In states like California, Colorado, and Washington, where cannabis cultivation is now legal, the industry is saving many small locales that are on the verge of becoming ghost towns.
After decades of strict prohibition, cannabis now proving to be quite a commodity, rescuing these small towns from bankruptcy and multi-million dollar deficits. Abandoned buildings, dilapidated streets and parks, and overall feelings of financial despair are a thing of past for these areas that are cashing in the green rush.
One such area is the hot, dusty town of Desert Hot Springs, CA, the first city in Southern California to legalize large-scale cannabis cultivation. Situated right off the I-10 freeway near the eastern edge of Joshua Tree National Park, Desert Hot Springs has potential, but unfortunately lacks the upscale resort reputation of neighboring areas, like Palm Springs. The median household income is just over $33,000 annually, significantly less than the state average of $71,000.
Following a fiscal emergency, the city council voted to legalize medical cannabis dispensaries and cultivation. The result is a ripple effect economic benefits: construction and utility jobs, security jobs, positions for project managers (to resolve infrastructure issues for growers), a real estate boom, and of course employees directly involved in the dispensaries and cultivation. Desert Hot Springs is now home to the largest solar-powered cannabis growing and processing facility in the world.
But DHS isn’t the only California desert town expecting to see a surge of green in their barren landscapes. City Councilman John “Bug” Woodard used the cannabis industry to dig the town of Adelanto (San Bernardino County) out of their 2.6 million dollar debt. Cathedral City and the city of Coachella have also started to designate certain areas for cannabis growing. So far, these desert towns have received a total of around 100 applications for growers and dispensaries
Further north up the West Coast is the town of Raymond, WA. A once thriving epicenter of timber mills was there, but that all changed in recent years when most of the world went digital and the timber industry came to a screeching halt. Raymond became known as an “out of the way” town with dismal employment opportunities.
The decision to legalize cannabis cultivation came fairly easily to lawmakers, and within one year Pacific County generated $5 million in revenue from the industry. Cannabis profits have well-surpassed income from any other industry in the area, including cattle ranching. According to BestPlaces.net Raymond’s job growth is expected to be at 34.17% in the next ten years.
The revitalizing effects of the green rush are far reaching, from the west coast out to colorful Colorado. The towns of Trinidad and DeBuque were all but withering away after the collapse of their local fuel and mining industries when they turned to the cannabis industry to fill the financial void. In all, the state of Colorado ended the year quite nicely with nearly $996 million in revenue from recreational cannabis sales. A good portion of that money is intended to go towards schools and citywide renovations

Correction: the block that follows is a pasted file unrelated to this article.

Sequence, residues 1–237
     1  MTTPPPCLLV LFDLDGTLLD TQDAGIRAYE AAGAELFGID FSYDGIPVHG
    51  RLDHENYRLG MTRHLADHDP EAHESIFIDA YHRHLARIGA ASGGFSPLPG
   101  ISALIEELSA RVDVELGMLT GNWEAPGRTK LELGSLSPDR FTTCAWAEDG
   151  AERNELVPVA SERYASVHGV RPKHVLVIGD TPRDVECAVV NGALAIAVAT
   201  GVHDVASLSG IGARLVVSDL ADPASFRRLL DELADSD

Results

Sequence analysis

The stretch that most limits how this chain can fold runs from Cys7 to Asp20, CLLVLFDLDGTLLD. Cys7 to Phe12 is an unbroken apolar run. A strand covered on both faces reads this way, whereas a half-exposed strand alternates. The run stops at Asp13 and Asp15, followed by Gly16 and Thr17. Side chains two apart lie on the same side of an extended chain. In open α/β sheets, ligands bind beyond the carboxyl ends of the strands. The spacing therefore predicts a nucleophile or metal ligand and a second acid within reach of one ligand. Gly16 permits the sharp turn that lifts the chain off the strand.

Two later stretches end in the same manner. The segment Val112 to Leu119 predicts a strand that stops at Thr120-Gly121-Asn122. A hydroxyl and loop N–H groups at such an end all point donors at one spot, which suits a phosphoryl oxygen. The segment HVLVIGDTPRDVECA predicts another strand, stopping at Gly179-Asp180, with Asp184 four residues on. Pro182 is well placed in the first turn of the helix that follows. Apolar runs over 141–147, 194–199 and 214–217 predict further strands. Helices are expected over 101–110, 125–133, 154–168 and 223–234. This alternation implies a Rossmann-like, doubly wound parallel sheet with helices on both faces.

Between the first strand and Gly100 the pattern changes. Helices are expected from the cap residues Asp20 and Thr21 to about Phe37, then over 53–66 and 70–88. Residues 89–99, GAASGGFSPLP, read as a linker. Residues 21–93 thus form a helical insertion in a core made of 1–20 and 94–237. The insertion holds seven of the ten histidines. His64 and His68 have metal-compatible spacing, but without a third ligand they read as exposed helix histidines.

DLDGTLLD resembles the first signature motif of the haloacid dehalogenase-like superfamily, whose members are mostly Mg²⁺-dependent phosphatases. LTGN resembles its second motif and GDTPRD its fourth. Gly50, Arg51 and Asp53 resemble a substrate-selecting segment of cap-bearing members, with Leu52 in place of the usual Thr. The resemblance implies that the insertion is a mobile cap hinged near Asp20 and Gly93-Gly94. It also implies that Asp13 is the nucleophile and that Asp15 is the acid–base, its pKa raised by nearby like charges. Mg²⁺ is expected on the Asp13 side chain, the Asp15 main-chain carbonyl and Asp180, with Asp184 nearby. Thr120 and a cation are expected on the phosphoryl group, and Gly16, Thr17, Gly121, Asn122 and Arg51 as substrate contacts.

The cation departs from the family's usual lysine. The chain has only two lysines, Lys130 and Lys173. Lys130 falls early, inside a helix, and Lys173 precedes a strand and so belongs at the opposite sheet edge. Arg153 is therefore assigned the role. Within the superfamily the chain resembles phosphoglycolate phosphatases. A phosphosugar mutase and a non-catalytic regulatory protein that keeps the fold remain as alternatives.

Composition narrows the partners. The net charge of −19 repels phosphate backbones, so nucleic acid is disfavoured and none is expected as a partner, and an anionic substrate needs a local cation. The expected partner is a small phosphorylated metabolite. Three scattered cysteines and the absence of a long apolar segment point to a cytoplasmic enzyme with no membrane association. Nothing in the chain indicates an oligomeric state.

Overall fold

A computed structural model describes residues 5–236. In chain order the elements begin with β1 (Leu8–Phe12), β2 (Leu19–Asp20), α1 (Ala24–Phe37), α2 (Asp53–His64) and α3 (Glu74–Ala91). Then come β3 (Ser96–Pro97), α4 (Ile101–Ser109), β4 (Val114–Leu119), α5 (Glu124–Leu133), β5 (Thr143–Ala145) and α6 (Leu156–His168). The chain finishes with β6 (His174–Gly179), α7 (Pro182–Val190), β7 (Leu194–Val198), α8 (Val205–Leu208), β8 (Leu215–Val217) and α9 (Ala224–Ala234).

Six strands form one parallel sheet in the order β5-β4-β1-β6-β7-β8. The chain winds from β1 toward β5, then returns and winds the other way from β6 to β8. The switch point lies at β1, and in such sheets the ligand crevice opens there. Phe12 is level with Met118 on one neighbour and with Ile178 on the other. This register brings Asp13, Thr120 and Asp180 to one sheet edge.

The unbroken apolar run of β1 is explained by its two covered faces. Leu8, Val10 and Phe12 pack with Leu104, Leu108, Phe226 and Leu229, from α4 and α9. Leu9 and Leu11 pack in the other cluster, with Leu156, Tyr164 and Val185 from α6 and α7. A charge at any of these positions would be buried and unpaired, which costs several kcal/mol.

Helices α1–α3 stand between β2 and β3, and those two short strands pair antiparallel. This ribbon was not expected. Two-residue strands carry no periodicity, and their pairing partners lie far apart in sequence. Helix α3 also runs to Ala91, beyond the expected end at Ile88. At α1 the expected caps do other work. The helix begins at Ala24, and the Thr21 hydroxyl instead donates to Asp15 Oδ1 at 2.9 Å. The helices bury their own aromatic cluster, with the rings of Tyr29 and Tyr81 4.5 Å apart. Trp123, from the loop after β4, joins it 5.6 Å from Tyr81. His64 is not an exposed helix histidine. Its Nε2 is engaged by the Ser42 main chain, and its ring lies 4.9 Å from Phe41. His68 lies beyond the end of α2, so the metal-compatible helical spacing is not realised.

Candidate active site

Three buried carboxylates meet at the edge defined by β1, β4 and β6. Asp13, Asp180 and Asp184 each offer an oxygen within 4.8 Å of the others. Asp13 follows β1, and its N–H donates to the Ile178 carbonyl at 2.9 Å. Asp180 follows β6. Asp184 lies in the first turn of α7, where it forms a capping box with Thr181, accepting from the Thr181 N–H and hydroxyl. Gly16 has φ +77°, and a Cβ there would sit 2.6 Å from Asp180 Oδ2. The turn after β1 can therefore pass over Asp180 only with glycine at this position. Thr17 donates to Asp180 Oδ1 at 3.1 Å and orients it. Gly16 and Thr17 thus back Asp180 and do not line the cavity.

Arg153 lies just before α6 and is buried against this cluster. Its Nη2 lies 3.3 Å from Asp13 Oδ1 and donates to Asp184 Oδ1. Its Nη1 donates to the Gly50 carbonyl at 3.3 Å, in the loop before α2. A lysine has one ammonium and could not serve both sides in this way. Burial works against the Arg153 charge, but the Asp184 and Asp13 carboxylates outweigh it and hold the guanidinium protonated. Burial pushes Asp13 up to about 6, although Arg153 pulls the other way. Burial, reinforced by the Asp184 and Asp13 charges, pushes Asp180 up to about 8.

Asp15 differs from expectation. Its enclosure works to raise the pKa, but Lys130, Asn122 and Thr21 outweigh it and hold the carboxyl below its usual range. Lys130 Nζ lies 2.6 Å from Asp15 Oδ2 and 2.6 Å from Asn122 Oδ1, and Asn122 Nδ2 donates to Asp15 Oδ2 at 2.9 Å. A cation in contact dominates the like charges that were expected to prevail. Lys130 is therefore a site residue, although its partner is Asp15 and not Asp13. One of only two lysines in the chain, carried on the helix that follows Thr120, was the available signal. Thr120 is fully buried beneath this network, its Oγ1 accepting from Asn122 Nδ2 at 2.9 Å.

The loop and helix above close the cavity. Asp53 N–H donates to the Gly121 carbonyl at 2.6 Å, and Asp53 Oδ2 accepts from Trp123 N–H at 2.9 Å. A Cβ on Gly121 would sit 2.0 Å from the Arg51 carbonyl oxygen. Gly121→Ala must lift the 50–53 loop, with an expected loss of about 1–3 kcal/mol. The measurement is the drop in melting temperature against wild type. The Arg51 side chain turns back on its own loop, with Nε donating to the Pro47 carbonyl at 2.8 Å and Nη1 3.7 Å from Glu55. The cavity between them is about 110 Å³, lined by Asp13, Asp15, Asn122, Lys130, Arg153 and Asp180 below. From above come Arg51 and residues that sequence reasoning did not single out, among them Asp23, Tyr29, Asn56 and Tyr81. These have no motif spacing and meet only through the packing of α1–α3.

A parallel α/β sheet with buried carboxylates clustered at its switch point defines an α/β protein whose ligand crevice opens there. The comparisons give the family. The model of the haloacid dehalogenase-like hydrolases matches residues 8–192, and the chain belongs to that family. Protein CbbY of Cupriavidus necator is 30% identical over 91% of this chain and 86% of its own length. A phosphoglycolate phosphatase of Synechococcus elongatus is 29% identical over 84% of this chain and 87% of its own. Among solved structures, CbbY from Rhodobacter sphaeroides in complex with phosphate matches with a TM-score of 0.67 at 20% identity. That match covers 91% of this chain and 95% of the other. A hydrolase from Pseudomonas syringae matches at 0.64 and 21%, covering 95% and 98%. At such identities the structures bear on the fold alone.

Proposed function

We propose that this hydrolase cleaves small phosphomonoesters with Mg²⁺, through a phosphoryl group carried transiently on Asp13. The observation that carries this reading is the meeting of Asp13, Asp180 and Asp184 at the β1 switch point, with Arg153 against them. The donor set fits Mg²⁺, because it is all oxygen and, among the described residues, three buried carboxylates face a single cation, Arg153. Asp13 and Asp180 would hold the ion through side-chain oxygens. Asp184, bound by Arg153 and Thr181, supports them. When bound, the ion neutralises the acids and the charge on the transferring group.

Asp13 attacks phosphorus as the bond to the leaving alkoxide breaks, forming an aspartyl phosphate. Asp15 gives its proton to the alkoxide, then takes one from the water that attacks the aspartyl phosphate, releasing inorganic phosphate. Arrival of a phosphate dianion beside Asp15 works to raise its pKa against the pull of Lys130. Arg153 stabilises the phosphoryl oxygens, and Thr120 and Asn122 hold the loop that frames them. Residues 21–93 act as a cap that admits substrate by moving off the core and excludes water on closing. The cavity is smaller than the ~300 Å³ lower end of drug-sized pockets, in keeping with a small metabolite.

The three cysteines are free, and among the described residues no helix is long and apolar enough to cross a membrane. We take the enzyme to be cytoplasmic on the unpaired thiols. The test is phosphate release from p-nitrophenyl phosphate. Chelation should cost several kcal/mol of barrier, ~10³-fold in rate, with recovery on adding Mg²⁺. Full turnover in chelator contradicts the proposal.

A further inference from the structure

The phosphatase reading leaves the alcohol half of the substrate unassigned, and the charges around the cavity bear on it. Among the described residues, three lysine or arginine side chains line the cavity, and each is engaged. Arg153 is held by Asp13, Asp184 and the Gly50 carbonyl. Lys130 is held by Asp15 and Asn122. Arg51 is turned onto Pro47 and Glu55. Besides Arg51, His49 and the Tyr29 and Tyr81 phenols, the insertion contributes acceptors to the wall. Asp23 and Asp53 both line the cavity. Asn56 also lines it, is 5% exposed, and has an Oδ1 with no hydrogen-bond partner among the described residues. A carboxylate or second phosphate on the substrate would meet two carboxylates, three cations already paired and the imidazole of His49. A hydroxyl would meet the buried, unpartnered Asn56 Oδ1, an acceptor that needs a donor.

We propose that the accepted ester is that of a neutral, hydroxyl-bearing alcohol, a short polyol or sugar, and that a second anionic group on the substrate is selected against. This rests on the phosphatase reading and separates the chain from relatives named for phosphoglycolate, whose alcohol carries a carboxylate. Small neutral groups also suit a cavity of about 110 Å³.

One thing everyone can agree on is that the revenue and benefits coming from the cannabis industry are bountiful. But that doesn’t mean there aren’t some challenges on the horizon. With the recent legalization of the industry in some states, two of the main obstacles to overcome are tax related issues and problems with infrastructure.
Like with all large-scale business, there is the potential for greed and corruption to permeate, This often comes in the form of frequently increasing taxes. Many growers and dispensary owners are already dealing with high taxes and minimal tax breaks compared to other businesses.
Thanks to Section 280E of the tax code, businesses that are involved in some way with prohibited controlled substances are not entitled to the same tax breaks as other businesses. Some growers and dispensary owners have been subjected to tax rates of up to 70 percent. That’s more than double the standard rate of 30 percent that other businesses pay.
Another immediate issue is the need for infrastructure. Luckily, that’s something that will most likely be resolved must faster than corporate greed. However, building large-scale structures with all the resources needed to grow cannabis is no easy task. They would need to take many things into consideration including climate control, conserving water, and conserving energy. This can be an especially daunting task in the harsh desert landscape of California, but it’s not exactly cheap to have a climate controlled environment in places where it gets cold either, like Washington and Colorado.
Not only that, but getting utilities to some of these places could be a challenge in and of itself. These are small towns with small electrical grids, definitely not large enough to handle the energy demands of multiple, large-scale grow operations.
According to Robert Laffoon-Villegas, spokesman for Southern California Edison, said: “the utility expects that some growers’ power needs could be so large that it would be like adding a small city to the system.” To be able to provide the necessary power will most likely require more energy facilities to be built.
There will always be challenges to overcome, that’s true to be said about anything in life. But the cannabis industry has so much potential and room to develop. Plus, numbers don’t lie, cannabis means money! And there are a lot of small towns throughout the United States that could benefit greatly from the financial surplus that the cannabis industry could provide for them.
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